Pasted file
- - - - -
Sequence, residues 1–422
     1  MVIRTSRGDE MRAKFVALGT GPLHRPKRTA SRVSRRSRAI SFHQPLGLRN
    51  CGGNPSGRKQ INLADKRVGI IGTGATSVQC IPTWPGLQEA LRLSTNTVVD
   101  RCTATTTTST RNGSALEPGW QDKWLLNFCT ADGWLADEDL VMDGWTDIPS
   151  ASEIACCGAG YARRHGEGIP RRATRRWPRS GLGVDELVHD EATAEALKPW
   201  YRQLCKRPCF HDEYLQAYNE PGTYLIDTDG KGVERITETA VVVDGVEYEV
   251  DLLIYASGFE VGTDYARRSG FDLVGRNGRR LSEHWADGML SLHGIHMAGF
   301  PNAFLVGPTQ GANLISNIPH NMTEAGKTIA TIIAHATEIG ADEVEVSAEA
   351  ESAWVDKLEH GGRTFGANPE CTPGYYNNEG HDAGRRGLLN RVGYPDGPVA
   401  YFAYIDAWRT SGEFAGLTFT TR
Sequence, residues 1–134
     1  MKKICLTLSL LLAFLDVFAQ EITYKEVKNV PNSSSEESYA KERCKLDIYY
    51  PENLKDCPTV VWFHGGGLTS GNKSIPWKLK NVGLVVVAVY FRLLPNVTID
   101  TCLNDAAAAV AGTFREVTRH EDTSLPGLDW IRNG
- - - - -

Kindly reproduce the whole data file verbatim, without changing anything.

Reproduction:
Sequence, residues 1–422
     1  MVIRTSRGDE MRAKFVALGT GPLHRPKRTA SRVSRRSRAI SFHQPLGLRN
    51  CGGNPSGRKQ INLADKRVGI IGTGATSVQC IPTWPGLQEA LRLSTNTVVD
   101  RCTATTTTST RNGSALEPGW QDKWLLNFCT ADGWLADEDL VMDGWTDIPS
   151  ASEIACCGAG YARRHGEGIP RRATRRWPRS GLGVDELVHD EATAEALKPW
   201  YRQLCKRPCF HDEYLQAYNE PGTYLIDTDG KGVERITETA VVVDGVEYEV
   251  DLLIYASGFE VGTDYARRSG FDLVGRNGRR LSEHWADGML SLHGIHMAGF
   301  PNAFLVGPTQ GANLISNIPH NMTEAGKTIA TIIAHATEIG ADEVEVSAEA
   351  ESAWVDKLEH GGRTFGANPE CTPGYYNNEG HDAGRRGLLN RVGYPDGPVA
   401  YFAYIDAWRT SGEFAGLTFT TR
Sequence, residues 1–134
     1  MKKICLTLSL LLAFLDVFAQ EITYKEVKNV PNSSSEESYA KERCKLDIYY
    51  PENLKDCPTV VWFHGGGLTS GNKSIPWKLK NVGLVVVAVY FRLLPNVTID
   101  TCLNDAAAAV AGTFREVTRH EDTSLPGLDW IRNG